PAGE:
When I saw basset hounds waddling around in the lobby of the Days Inn Hotel and heard mournful howls echoing from the hallway, I suspected I was checking in for a wacky weekend. I had to wait for the next ride up to my second floor room because the elevator was filled to capacity with hound dogs. Days Inn is to be commended for being so dog friendly to the Waddlers, even hosting a nightly “Yappy Happy Hour” for hotel guests and their dogs in the converted canine conference room. Refreshments were placed well out of basset-scarfing range, of course.

Saturday’s Basset Bash was an off-leash, jowl-flapping hound happening that included food, contests, raffles, and vendors selling bassetabilia galore. Dogs participated in a Drooler’s Decathlon that included competitions for Largest Paws; Longest Wingspan, measured tip-to-tip while extending ears Dumbo style; and Lowest Ground Clearance, measured tummy-to-turf.

wright_howling_harlequinI helped judge the Best Howl and Best Trick contests, but I think the prizes should have really been awarded to the humans, who performed admirably while coaxing along the reluctant contestants in the judging ring. Any food slave who has ever been owned by a basset hound knows these dogs aren’t inclined to do much of anything on command except eat, which is why there’s a contest for Lowest Ground Clearance.

I met a contender for the Best Counter Cruising division when my attention was diverted momentarily from my hamburger while signing a copy of my book for a fan. No basset ever moves that fast unless there’s grub involved. The wily little burger burglar snatched the whole thing right from under my nose and even came back for seconds.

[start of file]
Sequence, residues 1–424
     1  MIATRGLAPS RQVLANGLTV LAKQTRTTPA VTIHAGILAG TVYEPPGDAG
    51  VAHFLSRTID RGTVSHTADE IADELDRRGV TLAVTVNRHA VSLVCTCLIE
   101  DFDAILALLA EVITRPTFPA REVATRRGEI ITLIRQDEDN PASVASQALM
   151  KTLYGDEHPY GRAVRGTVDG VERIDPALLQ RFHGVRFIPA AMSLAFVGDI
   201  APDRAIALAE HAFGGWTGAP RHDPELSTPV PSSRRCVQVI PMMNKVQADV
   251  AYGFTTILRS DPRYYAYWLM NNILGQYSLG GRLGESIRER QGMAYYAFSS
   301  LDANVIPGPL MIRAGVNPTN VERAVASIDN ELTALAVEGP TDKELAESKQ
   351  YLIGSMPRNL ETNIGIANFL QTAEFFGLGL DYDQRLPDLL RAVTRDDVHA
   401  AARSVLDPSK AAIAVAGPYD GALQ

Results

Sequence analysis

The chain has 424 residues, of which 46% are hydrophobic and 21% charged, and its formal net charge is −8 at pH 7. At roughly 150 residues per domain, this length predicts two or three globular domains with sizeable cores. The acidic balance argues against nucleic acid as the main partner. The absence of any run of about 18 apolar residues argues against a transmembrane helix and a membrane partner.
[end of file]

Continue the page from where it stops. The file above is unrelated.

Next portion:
Sunday morning’s Waddle boasted beaucoup de bassét, as they would say in the country where this scent hound originated. Study the blasé behavior of these dogs for very long and you begin to understand something about the French.

Many of the dogs wore costumes worthy of a feature spread in Waddle Wear Daily. In their usual unflappable manner, the bassets endured for the pleasure of their masters being made to look ridiculous in doggy dress-up. The paws-down winner of the costume contest was a basset Boeing 747.

basett_hound_2Bassets from all over the United States and Canada assembled to waddle en masse, along with their owners, down Main Street, USA. The Waddle King and Queen, crowned the night before in a canine coronation, loafed regally in royal raiment atop their float, ready to lead hordes of hounds through the town. At long last, we heard the signal for the parade to commence, “Let’s Waddle!” And we did.

I tried my best to capture all of the thrilling action on film but would later discover that every shot I snapped looked about the same—just a bunch of waddling basset assets.

My weekend at GABR’s Basset Bash and Waddle to benefit homeless bassets was one I’ll never forget. I met so many wonderful, caring people and the adorable, lovable bassets they’ve adopted as well as the ones that are fostered until a permanent home can be found. There are plenty of “foster flunkies,” as GABR affectionately refers to people who fall in love with those sad-sack faces and just can’t part with their furry foster kids.

The best part of the fun-filled weekend was that nearly all the hounds available for adoption found their forever homes with families who will provide them with the lifelong compassion, care, and love they deserve. As GABR’s slogan states, “It’s all about the dogs.”

wright_EmbarkingOnMurder-harlequinI left the Illinois Basset Waddle with plenty of background for writing a sequel mystery in which Beanie and Cruiser will be Waddling to a Murder. But now whenever I walk my two bassets at our neighborhood park, I find myself looking around hopefully for hundreds of other long-eared beauties waddling through the grass.

Sue Owens Wright is a two-time winner of the Maxwell Award by the Dog Writers Association of America. Her latest is Embarking on Murder (Five Star, 2009). Sue has owned six basset hounds over the years, five of which were rescued from pounds and shelters in Northern California, where she lives with her husband and two bassets.